Leicester 3 – Leeds 1 – November 2000
If ever a club made a statement of intent, we all felt the signing of Rio Ferdinand at Leeds was just that. One of the best young defenders in the game, and we paid a then record fee of £18m to West Ham to sign him in November 2000. We’d just qualified for the second group stages of the Champions League, we were going well in the Premier League, and it felt like there was no stopping us. I remember the buzz when we signed him and around the ground when he was unveiled formally on the pitch on the same day that we beat Arsene Wenger’s Arsenal 1-0 at Elland Road.
It was a massive signing for us, and I’ve always said that Rio is one of the best players I ever played alongside – but it’s fair to say his Leeds career didn’t get off to the best of starts. In fact, that’s probably putting it politely.
He made his debut down at Leicester – the week after we’d beaten Arsenal – and unsurprisingly all the pre-match media build-up surrounded his arrival and the prospect of the world’s then most expensive defender lining up for Leeds United, a club who meant business. I’m not sure what was going on in everyone’s minds half-an-hour into that Leicester game, but we were 3-0 down and the world’s most expensive defender was, shall we say, having one. Now, that’s not to say that the rest of us were covering ourselves glory, but it was one of those days where all the outside attention was focused on one player and poor Rio couldn’t really escape it.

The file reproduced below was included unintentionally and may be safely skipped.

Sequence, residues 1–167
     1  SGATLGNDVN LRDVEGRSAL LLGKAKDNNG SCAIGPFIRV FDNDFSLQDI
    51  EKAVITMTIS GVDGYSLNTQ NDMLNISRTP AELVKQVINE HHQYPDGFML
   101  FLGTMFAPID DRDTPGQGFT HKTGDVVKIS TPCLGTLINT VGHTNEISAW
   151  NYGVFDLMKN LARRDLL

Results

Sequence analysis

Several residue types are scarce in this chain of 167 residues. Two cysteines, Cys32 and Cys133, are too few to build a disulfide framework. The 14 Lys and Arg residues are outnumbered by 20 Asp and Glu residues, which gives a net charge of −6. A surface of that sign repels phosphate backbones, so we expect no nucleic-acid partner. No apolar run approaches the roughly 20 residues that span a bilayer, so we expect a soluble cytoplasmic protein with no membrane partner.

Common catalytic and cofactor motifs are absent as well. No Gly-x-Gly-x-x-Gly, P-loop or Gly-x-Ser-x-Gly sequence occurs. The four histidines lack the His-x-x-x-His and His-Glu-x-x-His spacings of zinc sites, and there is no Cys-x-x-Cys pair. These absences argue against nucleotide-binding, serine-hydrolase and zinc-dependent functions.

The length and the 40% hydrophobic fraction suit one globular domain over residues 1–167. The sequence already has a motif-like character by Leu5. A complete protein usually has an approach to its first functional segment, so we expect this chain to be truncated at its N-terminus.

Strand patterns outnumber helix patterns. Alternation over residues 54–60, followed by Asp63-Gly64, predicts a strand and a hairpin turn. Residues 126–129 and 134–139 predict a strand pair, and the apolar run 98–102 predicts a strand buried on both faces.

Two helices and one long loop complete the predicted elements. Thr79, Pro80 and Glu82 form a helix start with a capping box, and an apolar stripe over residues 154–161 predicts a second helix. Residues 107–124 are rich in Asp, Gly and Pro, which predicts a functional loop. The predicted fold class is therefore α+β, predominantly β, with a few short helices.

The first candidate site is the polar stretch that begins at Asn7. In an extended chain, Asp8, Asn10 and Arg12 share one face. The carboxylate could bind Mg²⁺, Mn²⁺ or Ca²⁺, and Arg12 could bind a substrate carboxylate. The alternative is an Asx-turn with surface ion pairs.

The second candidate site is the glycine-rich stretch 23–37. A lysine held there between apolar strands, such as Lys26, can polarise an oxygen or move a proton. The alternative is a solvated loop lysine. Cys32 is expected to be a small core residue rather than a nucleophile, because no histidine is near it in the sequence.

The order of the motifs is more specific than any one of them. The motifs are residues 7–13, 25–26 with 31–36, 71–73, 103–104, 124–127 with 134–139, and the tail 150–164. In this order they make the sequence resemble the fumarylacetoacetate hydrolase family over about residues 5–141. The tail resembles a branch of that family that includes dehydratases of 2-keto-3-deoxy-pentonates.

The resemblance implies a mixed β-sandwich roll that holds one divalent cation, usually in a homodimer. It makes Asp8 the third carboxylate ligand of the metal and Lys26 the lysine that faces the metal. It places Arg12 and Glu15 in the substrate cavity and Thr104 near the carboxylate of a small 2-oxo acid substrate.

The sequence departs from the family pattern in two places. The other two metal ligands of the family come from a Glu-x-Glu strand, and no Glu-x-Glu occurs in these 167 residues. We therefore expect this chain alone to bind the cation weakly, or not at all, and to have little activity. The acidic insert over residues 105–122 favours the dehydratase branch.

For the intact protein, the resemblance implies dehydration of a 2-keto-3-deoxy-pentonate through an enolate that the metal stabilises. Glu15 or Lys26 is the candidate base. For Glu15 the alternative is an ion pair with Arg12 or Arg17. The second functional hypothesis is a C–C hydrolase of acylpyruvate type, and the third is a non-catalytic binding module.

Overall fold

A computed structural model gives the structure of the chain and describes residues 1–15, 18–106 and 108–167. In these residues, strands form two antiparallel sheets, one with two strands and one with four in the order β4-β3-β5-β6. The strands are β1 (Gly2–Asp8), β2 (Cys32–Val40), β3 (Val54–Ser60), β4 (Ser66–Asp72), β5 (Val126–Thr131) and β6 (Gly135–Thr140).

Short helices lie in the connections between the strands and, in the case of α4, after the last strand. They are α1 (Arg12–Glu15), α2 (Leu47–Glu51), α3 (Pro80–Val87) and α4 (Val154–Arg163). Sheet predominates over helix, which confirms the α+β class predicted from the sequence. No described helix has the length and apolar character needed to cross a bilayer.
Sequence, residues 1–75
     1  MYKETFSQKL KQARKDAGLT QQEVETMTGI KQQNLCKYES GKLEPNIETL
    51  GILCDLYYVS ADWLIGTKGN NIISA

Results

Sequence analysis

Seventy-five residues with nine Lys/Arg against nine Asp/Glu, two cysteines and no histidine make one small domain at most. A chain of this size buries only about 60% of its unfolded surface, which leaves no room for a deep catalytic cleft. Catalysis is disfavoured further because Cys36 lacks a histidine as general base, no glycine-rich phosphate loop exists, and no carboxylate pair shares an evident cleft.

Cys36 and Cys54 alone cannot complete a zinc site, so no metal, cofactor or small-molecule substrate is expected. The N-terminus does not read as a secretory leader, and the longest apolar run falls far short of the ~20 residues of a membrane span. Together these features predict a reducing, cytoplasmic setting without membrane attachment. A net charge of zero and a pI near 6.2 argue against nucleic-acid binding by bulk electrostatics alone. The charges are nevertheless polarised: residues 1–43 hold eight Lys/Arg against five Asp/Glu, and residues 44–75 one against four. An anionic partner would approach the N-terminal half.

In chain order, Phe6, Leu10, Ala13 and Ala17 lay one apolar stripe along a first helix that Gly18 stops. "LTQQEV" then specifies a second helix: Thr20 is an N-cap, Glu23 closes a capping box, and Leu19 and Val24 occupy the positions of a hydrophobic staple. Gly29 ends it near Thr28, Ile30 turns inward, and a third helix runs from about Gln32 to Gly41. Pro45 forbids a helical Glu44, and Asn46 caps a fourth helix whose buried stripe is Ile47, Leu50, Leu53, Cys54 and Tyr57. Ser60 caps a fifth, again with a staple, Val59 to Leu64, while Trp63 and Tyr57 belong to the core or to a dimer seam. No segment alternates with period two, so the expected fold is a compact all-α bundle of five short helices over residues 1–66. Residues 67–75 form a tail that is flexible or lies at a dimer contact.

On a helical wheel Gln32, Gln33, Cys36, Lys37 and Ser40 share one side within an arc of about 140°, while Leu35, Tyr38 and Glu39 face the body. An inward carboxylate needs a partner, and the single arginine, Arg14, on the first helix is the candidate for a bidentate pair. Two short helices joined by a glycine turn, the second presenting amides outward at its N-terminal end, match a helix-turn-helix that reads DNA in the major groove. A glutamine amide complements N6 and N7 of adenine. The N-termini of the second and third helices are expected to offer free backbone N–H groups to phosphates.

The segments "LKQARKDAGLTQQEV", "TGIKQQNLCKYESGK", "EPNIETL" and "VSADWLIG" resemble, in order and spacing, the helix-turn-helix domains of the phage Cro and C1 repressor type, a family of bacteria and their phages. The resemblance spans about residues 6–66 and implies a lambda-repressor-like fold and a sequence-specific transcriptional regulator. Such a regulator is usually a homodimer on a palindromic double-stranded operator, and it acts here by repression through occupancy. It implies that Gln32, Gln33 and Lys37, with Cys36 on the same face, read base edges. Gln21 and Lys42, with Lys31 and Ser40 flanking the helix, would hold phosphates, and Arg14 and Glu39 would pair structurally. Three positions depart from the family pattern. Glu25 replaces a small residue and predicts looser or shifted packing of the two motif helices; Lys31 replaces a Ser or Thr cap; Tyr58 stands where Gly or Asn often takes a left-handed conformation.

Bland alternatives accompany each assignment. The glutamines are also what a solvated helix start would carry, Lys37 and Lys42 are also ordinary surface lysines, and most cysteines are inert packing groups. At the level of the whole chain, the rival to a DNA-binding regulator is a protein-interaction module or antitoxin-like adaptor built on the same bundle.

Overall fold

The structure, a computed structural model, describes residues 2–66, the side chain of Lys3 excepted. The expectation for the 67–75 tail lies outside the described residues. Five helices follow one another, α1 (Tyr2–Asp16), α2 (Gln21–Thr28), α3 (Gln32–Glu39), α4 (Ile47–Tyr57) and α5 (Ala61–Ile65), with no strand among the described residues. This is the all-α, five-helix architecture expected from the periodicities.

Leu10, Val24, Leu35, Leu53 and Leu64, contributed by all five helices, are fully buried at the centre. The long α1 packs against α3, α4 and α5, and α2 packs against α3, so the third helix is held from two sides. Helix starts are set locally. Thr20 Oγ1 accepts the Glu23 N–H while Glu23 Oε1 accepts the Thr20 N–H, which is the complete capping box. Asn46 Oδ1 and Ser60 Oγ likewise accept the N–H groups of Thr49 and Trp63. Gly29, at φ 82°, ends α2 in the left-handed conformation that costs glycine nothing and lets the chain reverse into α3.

Robbie Savage, Ade Akinbyi, and big Gerry Taggert all scored for Leicester, a gutsy side with plenty of spirit and a liking for upsetting the odds, and we were seriously mugged off by a team the outside world expected us to beat. To put it mildly, it was 30 minutes from hell. And it got worse in the second half when Lucas Radebe got sent-off and although Mark Viduka did pull one back, the headlines were already written and they didn’t make for pleasant reading, particularly if you were Rio. We were never the most popular club with the media at the times anyway, and you could sense the smug satisfaction in some of the reports afterwards with poor old Rio taking the brunt of it.
I suppose it’s fair to say we had the last laugh over the course of the season, reaching the semi-finals of the Champions League, but for poor old Rio, Leicester were to prove his nemesis after he scored an own goal against them on the final day of the same season at Elland Road. At least that day we won, 3-1